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How to Retain What You Learn After Professional Development Ends

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Technical professionals are among the world’s highest-paid workers, earning an average starting salary of $91,010 USD. However, technical professionals who want to stay relevant in a rapidly evolving technological workforce often need to maintain their professional licenses and revamp their skills through continuing professional education.

While professional development and continuing education are vital to self-improvement, people will often forget the majority of what they’ve learned shortly after training. According to 19th century psychologist Hermann Ebbinghaus, people will forget 75% of what they’ve learned in less than a week if it isn’t applied to their daily lives. 

How to Retain Your Professional Development Skills

As a technical professional, one of the best ways to learn and retain new skills is to be able to apply them to your job. This means that professional development efforts should not be spent learning skills you will rarely use, but should instead be tailored to your ability to learn and apply those skills. To improve learning retention, try the following techniques:

Practice spaced repetition: Instead of trying to cram everything you need to know into a single lesson, spread lessons out over spaced intervals over longer periods. 

Apply the subject matter to real-world projects: Bring an actual work project to training sessions so you can immediately put what you’re learning into practice.

Implement “lean learning”: Using this learning method, attempt to learn only the foundational skills of what you need to know. Then, immediately apply these new skills to your work, request feedback from your supervisor, quickly revise your skills as needed, and repeat.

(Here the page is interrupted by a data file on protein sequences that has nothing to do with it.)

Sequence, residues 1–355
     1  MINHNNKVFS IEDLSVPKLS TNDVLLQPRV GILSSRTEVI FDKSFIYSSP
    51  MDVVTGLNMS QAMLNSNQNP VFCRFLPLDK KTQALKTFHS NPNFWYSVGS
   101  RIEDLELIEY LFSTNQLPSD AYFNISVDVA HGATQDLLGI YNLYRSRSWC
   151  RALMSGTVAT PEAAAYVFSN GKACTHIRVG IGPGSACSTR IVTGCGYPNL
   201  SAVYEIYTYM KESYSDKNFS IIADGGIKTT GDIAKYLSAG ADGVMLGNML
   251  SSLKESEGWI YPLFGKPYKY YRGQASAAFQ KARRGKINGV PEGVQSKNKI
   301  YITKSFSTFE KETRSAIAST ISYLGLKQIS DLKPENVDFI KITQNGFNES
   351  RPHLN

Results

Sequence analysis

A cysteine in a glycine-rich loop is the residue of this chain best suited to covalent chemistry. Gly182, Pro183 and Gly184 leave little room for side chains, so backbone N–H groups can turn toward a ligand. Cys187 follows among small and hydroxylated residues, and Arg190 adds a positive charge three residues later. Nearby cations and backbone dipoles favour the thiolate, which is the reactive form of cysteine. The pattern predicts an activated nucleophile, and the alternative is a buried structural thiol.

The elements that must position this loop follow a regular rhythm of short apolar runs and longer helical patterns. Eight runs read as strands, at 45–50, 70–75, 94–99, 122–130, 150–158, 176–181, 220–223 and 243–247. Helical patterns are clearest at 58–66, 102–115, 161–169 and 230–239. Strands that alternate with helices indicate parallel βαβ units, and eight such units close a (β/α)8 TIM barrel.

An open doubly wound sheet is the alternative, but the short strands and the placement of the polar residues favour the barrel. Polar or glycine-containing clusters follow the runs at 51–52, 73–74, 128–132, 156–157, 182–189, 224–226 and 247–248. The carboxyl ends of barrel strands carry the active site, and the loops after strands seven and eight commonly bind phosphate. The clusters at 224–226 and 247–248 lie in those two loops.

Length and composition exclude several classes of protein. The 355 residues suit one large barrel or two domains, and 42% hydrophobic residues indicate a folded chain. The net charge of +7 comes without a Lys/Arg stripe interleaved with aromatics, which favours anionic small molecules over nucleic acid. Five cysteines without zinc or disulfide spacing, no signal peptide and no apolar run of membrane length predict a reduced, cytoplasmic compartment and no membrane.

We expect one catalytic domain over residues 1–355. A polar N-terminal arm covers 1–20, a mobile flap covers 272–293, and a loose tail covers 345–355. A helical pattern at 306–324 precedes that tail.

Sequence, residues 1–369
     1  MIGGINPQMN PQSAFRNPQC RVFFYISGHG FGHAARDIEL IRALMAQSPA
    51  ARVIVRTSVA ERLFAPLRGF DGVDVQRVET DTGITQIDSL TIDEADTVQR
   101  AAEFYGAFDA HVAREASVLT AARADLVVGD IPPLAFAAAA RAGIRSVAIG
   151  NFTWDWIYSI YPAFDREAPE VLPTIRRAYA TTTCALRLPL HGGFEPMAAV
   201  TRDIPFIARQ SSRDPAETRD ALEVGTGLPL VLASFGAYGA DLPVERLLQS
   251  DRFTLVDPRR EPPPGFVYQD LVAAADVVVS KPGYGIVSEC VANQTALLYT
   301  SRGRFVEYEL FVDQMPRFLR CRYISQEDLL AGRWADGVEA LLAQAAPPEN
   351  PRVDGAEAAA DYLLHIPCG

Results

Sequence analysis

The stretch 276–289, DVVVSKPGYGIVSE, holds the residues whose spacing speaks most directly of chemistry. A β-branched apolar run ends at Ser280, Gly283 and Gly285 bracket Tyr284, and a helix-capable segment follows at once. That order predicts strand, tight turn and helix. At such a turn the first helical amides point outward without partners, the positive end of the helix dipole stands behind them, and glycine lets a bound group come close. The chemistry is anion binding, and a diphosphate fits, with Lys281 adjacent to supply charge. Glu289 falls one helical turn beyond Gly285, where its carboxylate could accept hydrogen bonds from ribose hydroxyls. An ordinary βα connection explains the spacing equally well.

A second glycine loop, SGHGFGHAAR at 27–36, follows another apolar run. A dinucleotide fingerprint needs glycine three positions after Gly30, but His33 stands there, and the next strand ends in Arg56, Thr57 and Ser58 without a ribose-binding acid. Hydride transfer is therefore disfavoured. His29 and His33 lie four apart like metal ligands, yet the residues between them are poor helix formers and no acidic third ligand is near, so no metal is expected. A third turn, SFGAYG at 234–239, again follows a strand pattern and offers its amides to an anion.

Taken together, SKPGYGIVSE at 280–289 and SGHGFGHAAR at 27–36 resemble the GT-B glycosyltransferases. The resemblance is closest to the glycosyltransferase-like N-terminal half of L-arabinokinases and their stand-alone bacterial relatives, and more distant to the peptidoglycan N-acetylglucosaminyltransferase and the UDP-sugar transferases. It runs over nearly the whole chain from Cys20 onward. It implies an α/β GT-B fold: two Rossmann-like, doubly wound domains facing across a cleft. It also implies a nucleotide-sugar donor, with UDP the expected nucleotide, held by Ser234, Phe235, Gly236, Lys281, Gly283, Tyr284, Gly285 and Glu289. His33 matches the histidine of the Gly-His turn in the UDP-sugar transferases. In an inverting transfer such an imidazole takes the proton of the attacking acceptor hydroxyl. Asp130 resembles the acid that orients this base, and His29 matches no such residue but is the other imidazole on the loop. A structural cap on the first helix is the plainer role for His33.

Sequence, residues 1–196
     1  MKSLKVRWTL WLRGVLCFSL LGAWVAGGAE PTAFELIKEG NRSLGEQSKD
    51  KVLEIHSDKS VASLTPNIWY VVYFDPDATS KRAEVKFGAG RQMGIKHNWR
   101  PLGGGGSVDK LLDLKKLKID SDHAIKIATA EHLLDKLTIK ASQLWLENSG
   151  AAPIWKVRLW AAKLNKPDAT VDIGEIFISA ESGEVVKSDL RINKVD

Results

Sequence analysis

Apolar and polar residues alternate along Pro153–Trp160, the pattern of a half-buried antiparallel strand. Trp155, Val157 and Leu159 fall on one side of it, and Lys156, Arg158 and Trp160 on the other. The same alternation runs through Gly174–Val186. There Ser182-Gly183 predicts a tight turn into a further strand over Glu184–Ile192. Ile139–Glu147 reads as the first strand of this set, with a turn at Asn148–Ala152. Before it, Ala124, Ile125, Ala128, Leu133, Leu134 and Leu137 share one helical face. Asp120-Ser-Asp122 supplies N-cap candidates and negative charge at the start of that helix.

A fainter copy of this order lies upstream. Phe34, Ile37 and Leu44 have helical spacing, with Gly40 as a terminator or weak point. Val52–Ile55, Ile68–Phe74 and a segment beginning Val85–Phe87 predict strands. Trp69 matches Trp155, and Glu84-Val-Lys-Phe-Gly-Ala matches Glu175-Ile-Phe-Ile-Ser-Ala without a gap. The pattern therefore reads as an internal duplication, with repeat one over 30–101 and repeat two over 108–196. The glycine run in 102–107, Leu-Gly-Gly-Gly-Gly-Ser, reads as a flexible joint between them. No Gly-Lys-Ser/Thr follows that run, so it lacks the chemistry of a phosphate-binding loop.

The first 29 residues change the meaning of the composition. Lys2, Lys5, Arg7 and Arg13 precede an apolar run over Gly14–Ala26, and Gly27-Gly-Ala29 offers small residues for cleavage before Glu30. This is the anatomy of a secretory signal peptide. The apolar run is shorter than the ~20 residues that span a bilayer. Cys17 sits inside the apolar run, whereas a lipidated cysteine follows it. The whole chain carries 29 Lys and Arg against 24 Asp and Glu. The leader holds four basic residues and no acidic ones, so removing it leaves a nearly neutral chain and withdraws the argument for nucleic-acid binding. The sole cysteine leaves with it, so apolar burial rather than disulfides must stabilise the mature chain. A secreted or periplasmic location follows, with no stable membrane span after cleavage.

Apply the 80/20 rule: Using this method, learn by using what entrepreneur Tim Ferriss calls “the minimum learnable unit.” As opposed to trying to learn everything about something all at once, only learn the basics in order to develop a solid foundation of those skills. For example, if you want to learn a new language using the 80/20 rule, you focus on learning only the most common words and phrases that appear in 80% of that language. After which, you would then apply those words and phrases as much as possible in actual conversations. 

Use “guided” learning: If possible, use training applications that offer integrated learning features, such as screen pop ups that give you greater context as you learn.

Take mini courses: Access quick courses (no more than an hour long) that teach new skills applicable to your job. 

The IEEE Learning Network Turns One Year Old

Since its launch on 11 July 2019, the IEEE Learning Network (ILN) has provided continuing education to technical professionals from around the world. With hundreds of courses offered from 25 course providers, ILN offers the latest in continuing education for engineers and technology professionals who want to advance professionally, refresh their skills, or stay up-to-date with the latest trends.

The platform provides users the ability to: 

  • Search through hundreds of online educational offerings from IEEE
  • Access a transcript of in-progress and completed courses
  • Earn professional development hours (PDHs) and continuing education units (CEUs) on many courses
  • Learn what’s new in the world of continuing education at IEEE
  • Earn digital certificates immediately, then view and print on demand
  • Complete dynamic assessments to test knowledge of course content

Start learning today! Visit iln.ieee.org

Resource

Glaveski, Steve. (2 October 2020). Where Companies Go Wrong with Learning and Development. Harvard Business Review.

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